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Summer Reading with My 3 Nieces: Numbering All the Bones and Chinese Cinderella (and Read Harder Task 11)

13 Sep

I realize that summer may be over as Labor Day has come and gone and school is back in session, but I am holding on to summer until Autumn Equinox on Friday September 22. That means I have a little more than a week to finish the last book of my three nieces’ summer reading assignments.

Click here to read about the books my eldest niece, a high school freshman, and I read over the summer.

Next up is my middle niece, who I introduced in this post about media inspired by Hurricane Katrina. Alyssa is now a seventh grader who loves Pokemon and designed her own video game that included her pet dachshund in summer camp.

Her summer reading assignment was Numbering All the Bones by Ann Rinaldi (fiction) and Chinese Cinderella: The True Story of an Unwanted Daughter by Adeline Yen Mah (nonfiction). The titles were assigned by her school for all rising seventh graders.

The books were similar in that the protagonists are young girls who have lost their mothers and are shunned by their fathers and face abuse. I thought these were horrifying themes to assign to twelve year olds to read over summer (says me, who likes to read about disaster and crime), but the books do offer much for children to learn and think about.

Numbering All the Bones by Ann Rinaldi

numbering-all-bones

The story follows thirteen-year-old Eulinda who is a house slave in Georgia in 1864. Her mother is deceased. Her father is the master of her plantation who won’t acknowledge her, and she is abused by his wife. Eulinda is separated from her two brothers–one was sold to another plantation and the other is a Union Soldier.

I believe this book was assigned because of the Civil War-era setting, and the discussion of slavery, the Emancipation Proclamation, and the dynamics between the Union and the Confederacy then. There is even a sly reference in the text to a descendant of Thomas Jefferson and his slave Sally Hemings.

When assigning this book Alyssa’s teachers probably didn’t foresee last month’s violence in Charlottesville and the resultant discussion of whether or not statues of Confederate figures are still relevant in the twenty-first century. I feel these difficult current events can be connected to the book in a thoughtful class lesson and discussion.

I’ll be honest: I didn’t like this book. Historical fiction is not my cup of tea. Alyssa didn’t like it either. But it was a well-written book with an interesting heroine, and a good historical fiction choice for tweens.

Chinese Cinderella: The True Story of an Unwanted Daughter by Adeline Yen Mah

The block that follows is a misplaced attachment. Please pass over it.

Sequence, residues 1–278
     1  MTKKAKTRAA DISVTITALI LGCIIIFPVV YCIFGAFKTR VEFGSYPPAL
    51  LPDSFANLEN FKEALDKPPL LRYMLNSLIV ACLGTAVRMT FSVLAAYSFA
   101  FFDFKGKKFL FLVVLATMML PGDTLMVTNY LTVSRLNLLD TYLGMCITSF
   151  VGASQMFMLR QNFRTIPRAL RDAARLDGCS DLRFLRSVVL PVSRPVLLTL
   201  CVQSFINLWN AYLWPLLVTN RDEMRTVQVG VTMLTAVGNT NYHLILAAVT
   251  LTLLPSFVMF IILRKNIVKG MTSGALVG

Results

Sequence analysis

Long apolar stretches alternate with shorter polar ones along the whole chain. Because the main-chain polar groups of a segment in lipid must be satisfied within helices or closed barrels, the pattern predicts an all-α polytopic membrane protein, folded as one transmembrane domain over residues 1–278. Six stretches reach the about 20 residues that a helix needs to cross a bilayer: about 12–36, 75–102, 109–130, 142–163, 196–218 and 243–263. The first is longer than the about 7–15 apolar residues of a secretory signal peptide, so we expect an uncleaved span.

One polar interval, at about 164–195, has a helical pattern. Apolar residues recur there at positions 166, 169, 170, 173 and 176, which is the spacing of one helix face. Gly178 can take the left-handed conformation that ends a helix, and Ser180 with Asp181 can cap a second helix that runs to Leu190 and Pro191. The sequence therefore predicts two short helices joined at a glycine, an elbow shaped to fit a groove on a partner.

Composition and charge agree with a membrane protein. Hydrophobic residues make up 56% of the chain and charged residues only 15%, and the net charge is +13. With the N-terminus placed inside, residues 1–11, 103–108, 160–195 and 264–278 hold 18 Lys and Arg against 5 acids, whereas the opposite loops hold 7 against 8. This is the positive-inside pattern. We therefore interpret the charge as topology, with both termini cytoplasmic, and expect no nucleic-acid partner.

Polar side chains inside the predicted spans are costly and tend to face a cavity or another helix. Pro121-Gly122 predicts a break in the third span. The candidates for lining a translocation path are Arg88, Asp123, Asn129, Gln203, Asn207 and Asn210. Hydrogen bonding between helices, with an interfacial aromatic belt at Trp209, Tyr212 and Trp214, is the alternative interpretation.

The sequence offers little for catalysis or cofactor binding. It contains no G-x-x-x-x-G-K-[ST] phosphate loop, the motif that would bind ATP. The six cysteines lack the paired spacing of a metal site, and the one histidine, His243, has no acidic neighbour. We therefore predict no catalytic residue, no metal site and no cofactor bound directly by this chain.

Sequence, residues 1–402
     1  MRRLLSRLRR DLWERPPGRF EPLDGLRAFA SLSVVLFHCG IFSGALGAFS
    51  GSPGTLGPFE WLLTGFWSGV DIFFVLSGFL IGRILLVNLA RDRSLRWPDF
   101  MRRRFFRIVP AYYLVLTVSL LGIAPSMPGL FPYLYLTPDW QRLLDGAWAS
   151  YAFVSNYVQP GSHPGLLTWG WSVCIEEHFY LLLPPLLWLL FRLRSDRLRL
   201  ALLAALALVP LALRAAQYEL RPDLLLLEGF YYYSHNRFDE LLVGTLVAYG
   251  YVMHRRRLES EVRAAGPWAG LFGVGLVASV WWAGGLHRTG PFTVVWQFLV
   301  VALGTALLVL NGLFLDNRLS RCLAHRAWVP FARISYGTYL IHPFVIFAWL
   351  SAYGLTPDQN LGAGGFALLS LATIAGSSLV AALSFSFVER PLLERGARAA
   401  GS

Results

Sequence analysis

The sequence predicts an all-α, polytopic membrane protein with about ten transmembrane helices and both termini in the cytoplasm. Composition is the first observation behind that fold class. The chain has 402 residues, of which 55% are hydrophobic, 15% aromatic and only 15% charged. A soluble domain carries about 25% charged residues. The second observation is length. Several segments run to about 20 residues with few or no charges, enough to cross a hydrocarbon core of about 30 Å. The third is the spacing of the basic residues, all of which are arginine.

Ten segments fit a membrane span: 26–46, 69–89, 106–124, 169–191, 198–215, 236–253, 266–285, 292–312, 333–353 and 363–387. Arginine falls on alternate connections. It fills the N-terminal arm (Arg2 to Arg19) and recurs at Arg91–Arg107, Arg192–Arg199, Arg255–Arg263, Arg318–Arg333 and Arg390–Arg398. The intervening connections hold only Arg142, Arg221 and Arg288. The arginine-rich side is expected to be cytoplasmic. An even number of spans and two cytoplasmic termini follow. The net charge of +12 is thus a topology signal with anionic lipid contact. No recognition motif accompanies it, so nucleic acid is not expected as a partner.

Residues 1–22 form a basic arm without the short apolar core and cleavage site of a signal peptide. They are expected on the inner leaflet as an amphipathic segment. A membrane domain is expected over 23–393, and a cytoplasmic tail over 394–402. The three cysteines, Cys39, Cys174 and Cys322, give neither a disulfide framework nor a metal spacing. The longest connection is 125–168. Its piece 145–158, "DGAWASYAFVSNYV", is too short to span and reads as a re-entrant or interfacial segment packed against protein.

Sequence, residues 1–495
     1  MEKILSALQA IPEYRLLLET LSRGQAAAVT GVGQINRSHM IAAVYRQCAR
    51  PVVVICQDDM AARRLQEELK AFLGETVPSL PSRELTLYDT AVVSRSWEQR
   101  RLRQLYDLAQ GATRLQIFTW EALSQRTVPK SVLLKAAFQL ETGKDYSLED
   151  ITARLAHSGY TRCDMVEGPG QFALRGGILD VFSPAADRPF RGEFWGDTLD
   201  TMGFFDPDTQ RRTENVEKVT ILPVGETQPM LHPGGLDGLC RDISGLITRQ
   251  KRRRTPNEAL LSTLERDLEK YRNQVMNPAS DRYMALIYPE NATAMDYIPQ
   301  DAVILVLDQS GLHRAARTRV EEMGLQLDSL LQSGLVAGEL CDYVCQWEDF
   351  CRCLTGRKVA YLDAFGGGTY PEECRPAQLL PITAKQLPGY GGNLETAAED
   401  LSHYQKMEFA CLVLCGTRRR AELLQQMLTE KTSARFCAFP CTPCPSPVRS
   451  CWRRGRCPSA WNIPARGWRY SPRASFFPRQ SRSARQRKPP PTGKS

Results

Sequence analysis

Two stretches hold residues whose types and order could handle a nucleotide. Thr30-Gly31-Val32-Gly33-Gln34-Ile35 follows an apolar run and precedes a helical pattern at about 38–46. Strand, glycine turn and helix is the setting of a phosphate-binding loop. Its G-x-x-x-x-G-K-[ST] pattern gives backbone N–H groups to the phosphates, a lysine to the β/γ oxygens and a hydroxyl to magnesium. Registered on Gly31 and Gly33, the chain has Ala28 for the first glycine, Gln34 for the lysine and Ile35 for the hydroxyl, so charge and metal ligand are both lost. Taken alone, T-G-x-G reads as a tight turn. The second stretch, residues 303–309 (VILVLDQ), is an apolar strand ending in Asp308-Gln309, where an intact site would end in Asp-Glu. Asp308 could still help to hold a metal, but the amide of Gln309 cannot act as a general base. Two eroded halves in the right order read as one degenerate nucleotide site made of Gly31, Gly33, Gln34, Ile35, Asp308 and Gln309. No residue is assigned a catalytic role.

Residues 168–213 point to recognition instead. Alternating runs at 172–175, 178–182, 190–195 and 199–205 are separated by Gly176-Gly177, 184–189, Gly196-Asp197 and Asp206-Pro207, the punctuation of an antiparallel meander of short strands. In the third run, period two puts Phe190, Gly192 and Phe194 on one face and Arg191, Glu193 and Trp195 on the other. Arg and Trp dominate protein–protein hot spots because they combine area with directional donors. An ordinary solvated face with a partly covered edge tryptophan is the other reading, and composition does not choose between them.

chinese-cinderella

This book starts off tragically: Adeline’s mother dies shortly after she is born in 1937. Her family blames her for her mother’s death, and she faces unspeakable abuse by her cruel stepmother, her siblings, and her father.

Her father remarried after Adeline’s mother passed, and had two children who were treated much better than Adeline and her other siblings. The step-mother, definitely wicked per the Cinderella trope, seemed to enjoy mistreating and tormenting young Adeline. There is one particularly awful scene that involves Adeline’s pet duckling.

Readers will learn about China’s history during and after World War II, which is relevant as the country’s profile has risen in recent years. There is an introduction to the Chinese language, with characters interspersed throughout the text. The Cinderella theme makes the book familiar to readers of all ages.

Despite the grimness, I did enjoy this book. It is written beautifully and the story is compelling. Alyssa said the book is “really sad”. Some lingering questions I have about this book are if Adeline forgave her siblings for the terrible way they treated her. She has a memoir called Falling Leaves that I will add to my to-read list.

Reading this book completed the Read a book that is set more than 5000 miles from your location task for the 2017 Book Riot Read Harder Challenge I’m following. You can read more about my Read Harder journey at this link.

I have one more book to read with my little niece, and will report back once I finish it. Hopefully I can get it done before summer officially ends on September 22!

Has your summer reading extended into September? When does summer end for you?

-Written by Kerry Weinstein, Reference Librarian

 

The Science Fiction and Fantasy Book Club Summer Reads: Leviathan Wakes, The Gunslinger, and The Hobbit

6 Sep